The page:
Roy Sayles, owner of Affordable VIP Classics, a San Diego, Calif.-based classic and vintage car dealership, found that linking his Web site to J.J. Best & Co., a finance company that specializes in the classic and vintage car market, was a boon for business.

In addition to selling cars in his showroom, Sayles has been selling cars around the country and internationally off his Web site,, for about four-and-a-half years. Since he first offered customers the ability to apply for instant, online financing, sales have increased by 50 percent.

Sayles is quick to point out that the 50 percent jump is attributable to many factors including marketing efforts. But he does think that a good chunk of that increase has come from “impulse buyers” who may not have closed the deal if they had to go out searching for their own financing.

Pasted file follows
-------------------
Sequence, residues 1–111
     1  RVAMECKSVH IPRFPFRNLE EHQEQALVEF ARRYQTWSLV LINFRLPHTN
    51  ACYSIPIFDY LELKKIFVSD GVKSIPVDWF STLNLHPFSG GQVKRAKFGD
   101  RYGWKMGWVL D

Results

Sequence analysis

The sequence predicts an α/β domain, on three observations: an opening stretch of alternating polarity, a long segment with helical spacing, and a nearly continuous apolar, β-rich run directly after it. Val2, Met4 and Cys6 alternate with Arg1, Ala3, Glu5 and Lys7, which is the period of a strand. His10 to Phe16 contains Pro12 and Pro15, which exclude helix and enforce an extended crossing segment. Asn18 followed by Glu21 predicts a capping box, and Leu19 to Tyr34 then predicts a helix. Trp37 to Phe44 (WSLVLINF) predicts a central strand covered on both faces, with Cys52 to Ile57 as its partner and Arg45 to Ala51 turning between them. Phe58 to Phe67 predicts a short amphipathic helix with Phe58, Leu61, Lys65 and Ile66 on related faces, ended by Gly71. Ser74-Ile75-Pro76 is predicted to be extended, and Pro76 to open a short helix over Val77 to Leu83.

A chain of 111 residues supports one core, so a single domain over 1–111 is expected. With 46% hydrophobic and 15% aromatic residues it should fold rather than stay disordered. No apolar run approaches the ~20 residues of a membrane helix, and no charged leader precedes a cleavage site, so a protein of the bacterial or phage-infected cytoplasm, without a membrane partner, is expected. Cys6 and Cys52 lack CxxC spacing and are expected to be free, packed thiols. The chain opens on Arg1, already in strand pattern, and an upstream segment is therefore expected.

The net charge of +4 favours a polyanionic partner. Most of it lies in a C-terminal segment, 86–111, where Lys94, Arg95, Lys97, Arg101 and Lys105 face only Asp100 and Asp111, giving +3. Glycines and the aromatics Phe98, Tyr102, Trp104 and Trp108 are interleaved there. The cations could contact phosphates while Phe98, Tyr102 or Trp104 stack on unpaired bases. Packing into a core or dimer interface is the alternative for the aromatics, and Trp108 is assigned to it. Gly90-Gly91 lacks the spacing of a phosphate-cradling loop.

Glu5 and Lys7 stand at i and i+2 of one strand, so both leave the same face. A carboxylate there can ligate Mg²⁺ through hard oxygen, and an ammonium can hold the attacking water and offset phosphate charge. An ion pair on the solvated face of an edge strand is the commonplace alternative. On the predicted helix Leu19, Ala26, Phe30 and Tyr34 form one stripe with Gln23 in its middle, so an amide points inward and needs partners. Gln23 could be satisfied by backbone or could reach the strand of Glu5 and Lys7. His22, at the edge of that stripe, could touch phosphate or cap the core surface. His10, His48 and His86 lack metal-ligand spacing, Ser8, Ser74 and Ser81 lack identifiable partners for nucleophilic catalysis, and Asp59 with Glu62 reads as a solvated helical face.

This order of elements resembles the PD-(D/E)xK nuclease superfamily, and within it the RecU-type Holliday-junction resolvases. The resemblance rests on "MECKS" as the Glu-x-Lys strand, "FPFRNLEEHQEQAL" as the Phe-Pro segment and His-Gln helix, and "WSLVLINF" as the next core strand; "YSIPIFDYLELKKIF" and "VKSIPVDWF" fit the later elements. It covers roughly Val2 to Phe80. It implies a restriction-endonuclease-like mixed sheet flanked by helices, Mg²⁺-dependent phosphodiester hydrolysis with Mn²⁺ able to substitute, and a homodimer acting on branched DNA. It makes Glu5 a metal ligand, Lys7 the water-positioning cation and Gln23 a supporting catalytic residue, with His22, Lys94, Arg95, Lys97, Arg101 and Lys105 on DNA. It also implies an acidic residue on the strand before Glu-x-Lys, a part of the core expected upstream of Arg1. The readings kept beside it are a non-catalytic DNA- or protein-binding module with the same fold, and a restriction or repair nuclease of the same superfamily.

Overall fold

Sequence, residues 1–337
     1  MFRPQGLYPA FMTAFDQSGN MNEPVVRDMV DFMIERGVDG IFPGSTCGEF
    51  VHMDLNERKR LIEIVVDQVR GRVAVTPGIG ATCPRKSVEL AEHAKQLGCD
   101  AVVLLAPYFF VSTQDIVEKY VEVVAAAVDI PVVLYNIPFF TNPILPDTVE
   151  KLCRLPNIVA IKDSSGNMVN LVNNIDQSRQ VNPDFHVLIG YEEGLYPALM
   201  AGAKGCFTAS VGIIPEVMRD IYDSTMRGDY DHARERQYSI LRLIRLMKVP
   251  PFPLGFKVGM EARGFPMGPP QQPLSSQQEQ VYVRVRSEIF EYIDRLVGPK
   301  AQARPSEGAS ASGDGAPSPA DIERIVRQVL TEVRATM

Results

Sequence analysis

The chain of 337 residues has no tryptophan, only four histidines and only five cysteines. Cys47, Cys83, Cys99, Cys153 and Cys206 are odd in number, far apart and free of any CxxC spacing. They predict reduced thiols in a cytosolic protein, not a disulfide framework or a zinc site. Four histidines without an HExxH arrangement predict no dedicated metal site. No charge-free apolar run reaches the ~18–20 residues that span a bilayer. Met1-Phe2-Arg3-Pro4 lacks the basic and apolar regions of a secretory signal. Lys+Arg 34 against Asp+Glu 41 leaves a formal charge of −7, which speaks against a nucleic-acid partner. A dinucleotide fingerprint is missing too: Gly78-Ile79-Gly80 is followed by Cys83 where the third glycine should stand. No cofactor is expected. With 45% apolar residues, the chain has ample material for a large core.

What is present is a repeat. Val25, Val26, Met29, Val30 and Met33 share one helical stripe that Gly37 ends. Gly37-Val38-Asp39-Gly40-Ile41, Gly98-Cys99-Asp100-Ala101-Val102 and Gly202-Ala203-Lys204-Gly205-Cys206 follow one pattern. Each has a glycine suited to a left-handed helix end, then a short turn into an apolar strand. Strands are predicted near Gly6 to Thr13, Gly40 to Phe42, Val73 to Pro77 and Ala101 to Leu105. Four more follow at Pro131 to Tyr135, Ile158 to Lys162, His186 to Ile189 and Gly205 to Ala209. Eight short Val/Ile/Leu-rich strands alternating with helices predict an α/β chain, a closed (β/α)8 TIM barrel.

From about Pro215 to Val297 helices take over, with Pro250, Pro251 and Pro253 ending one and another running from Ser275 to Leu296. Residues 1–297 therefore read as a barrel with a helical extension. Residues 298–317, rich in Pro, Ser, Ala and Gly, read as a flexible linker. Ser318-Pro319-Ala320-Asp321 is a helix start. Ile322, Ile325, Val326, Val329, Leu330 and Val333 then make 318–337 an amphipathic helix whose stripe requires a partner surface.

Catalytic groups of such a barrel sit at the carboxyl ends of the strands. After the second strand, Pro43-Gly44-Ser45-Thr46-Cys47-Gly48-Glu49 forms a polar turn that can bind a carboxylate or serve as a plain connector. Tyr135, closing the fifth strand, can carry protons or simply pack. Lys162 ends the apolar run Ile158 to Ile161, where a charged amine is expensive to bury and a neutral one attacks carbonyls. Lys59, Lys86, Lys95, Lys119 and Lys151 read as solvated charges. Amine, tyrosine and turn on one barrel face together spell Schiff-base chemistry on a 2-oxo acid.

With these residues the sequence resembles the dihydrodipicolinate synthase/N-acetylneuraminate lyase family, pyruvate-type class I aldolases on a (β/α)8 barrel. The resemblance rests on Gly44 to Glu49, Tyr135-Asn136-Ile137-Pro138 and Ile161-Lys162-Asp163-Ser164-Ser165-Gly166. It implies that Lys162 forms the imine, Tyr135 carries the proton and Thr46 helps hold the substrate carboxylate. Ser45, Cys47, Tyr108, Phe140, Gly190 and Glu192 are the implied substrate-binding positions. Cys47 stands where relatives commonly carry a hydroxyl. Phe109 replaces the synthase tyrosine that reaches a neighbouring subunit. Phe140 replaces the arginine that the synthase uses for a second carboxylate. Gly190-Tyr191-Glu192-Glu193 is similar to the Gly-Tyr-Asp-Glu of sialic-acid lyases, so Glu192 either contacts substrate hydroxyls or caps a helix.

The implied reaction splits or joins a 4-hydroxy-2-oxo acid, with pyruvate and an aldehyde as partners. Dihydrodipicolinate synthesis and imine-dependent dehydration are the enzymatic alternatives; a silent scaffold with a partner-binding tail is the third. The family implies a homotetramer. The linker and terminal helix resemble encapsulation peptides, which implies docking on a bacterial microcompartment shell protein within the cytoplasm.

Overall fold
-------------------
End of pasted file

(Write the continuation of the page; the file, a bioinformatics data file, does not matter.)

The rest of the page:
“Probably 5 to 10 percent are due to that type of impulse buy,” he says. “In some cases people will get financed on a more expensive car than they were looking at originally. They may have been looking at a $20,000 car, but once they have gotten approval from J.J. Best, they may find they can afford a $30,000 car.”

Sayles gets 3,000 visitors a week in the showroom and 3,000 a day to the Web site. The six-person dealership sells approximately 45 cars a month to customers in all 50 states and from as far away as Germany, Switzerland, Bulgaria, Turkey, and Australia. He picked J.J. Best for two reasons (other than that they work on line): They know cars and they offer financing in all 50 states.

“Most financing companies only deal with two or three states, but J.J. Best is one that will handle customers anywhere. And they’re very knowledgeable about the type of automobiles that we sell.” he says. “There are companies out there that offer little fringe benefits, like percentages back on the sale, but we’re interested in service to our customer and getting the job done right and quickly.